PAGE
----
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In surveying, a baseline is a line between two points on the earth's surface and the direction and distance between them. In a triangulation network, at least one baseline between two stations needs to be measured to calculate the size of the triangles by trigonometry.
In the United States Public Land Survey System, a baseline is the principal east-west line (i.e., a parallel) upon which all rectangular surveys in a defined area are based. The baseline meets its corresponding principal meridian at the point of origin, or initial point, for the land survey. For example, the baseline for Nebraska and Kansas is shared as the border for both states, at the 40th parallel north.
More specifically a baseline may be the line that divides a survey township between north and south.
"Baseline Road" in the United StatesEdit
Many communities in the United States have roads that run along survey baselines, many of which are named to reflect that fact. Some examples:
- In Little Rock, Arkansas, Baseline Road follows the baseline used by surveyors of the Louisiana Purchase.
- In Colorado, Baseline Road in Boulder marks the 40th parallel, or the western extension of the Kansas-Nebraska boundary, which is also the boundary between Adams and Weld counties.
- In Arizona, the baseline near the Phoenix metro area is marked by Baseline Road.
- In Southern California, from Highland to San Dimas, the baseline is marked by Baseline Road.
- In Michigan, the baseline for the Michigan Survey forms the boundary between the second and third tiers of counties and in many portions, discontinuous segments of road along the baseline are known as "Baseline Road." 8 Mile Road in the Detroit area runs along the Michigan Baseline and was formerly known as "Baseline Road."
- Baseline Road in Hillsboro, Oregon, generally follows the Willamette Baseline which intersects the Willamette Meridian at the Willamette Stone State Park.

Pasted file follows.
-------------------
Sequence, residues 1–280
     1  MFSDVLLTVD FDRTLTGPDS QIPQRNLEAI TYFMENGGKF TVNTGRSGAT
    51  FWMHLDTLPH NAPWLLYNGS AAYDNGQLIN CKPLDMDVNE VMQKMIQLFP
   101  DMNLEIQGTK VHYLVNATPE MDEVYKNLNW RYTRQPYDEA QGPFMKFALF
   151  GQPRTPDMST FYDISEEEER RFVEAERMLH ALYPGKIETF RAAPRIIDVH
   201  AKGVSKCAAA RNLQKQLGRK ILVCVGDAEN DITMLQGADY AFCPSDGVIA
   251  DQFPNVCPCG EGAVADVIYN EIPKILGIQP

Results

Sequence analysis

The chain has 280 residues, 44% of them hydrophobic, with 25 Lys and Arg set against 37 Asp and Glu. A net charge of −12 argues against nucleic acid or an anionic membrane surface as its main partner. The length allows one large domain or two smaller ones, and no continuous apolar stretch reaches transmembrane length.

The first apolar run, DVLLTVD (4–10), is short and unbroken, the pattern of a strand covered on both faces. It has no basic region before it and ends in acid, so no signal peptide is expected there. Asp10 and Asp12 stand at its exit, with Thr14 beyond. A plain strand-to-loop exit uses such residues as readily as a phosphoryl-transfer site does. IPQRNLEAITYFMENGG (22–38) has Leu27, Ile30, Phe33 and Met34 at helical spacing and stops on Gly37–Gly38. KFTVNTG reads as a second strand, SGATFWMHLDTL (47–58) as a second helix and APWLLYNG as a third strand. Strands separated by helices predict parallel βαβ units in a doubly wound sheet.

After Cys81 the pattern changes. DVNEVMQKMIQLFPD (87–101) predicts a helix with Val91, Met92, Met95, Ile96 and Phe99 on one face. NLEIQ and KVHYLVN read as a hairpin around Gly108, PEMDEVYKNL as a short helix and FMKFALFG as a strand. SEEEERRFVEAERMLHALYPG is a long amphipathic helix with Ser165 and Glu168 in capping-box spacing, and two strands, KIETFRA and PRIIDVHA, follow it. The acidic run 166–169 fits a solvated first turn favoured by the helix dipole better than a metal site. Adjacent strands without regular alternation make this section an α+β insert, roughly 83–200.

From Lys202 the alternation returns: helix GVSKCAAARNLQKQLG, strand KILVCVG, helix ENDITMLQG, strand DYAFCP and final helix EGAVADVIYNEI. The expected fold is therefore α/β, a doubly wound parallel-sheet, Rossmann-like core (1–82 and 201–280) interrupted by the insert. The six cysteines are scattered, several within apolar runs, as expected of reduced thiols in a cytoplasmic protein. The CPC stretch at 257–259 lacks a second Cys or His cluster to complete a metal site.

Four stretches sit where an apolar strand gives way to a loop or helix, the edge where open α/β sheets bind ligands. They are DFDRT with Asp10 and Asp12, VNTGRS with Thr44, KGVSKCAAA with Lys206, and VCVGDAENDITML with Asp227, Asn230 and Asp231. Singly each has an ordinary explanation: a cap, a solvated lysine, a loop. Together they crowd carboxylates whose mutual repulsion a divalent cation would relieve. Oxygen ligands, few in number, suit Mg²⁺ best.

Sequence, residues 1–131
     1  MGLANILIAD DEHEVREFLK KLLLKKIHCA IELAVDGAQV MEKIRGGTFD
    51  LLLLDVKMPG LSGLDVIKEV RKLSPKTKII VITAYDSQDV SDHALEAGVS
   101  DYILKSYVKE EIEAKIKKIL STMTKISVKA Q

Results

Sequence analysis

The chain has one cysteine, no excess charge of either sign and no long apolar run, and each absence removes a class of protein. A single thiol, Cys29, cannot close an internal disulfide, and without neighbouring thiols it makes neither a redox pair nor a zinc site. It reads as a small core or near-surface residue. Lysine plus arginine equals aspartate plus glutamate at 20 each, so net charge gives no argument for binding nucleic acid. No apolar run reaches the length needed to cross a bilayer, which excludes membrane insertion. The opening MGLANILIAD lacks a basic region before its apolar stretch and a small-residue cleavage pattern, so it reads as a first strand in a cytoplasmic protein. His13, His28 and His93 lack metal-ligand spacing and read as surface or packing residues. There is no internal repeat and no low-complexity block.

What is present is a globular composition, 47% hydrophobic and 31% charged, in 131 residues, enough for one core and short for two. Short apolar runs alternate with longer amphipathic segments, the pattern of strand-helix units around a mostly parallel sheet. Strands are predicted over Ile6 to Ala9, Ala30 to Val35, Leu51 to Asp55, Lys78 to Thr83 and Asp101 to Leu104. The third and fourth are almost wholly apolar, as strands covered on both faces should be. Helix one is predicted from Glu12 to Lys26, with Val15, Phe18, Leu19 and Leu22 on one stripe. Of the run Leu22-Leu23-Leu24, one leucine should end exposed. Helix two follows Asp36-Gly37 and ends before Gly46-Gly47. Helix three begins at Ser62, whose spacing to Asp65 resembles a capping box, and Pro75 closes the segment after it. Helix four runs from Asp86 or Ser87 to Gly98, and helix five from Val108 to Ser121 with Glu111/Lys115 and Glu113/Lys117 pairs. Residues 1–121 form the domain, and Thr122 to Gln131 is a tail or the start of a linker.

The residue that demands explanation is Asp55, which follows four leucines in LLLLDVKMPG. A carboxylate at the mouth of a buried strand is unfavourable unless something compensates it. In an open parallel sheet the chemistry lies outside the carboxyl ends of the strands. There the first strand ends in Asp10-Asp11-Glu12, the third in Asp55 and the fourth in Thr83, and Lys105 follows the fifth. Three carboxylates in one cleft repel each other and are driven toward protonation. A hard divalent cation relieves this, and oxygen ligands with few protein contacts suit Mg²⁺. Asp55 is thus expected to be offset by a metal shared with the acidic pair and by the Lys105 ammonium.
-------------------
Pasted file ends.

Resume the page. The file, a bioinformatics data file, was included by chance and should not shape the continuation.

In Canadian land surveying, a base line is one of the many principal east-west lines that correspond to four tiers of townships (two tiers north and two south). The base lines are about 24 miles (39 km) apart, with the first base line at the 49th parallel, the western Canada–US border. It is, therefore equivalent to the standard parallel in the US system.
In Ontario, a baseline forms a straight line parallel a geographical feature (mostly a lake, especially Lake Ontario or Lake Erie) that serves as a reference line for surveying a grid of property lots. The result of this surveying is the concession road and sideline system in use today.
Many prominent Ontario baselines lie on the surveyed boundaries of land treaties signed with First Nations peoples. For example, several baselines in Waterloo Region and Brant County (including Wilmot Line, Brant-Oxford Road, and Indian Line) follow the borders of the Haldimant Tract land grant to the Six Nations confederacy, leading to the patchwork road and lot network, surveyed parallel to the western edge of the tract, which can seen in this area to this day. Jones Baseline which runs through Wellington County and Halton Region follows the original survey route marked by Augustus Jones after the Between the Lakes Purchase in 1792.
- The Principal Meridian Project (US)
- Resources page of the U.S. Department of the Interior, Bureau of Land Management
- History of the Rectangular Survey System Note: This is a large file, approximately 46MB. Searchable PDF prepared by the author, C. A. White.
- "Haldimand Tract". Grand River Country. Retrieved 8 July 2019.
- Stephen Thorning (1 Feb 1995). "Augustus Jones determined present-day county boundaries". Wellington Advertiser. Retrieved 8 July 2019.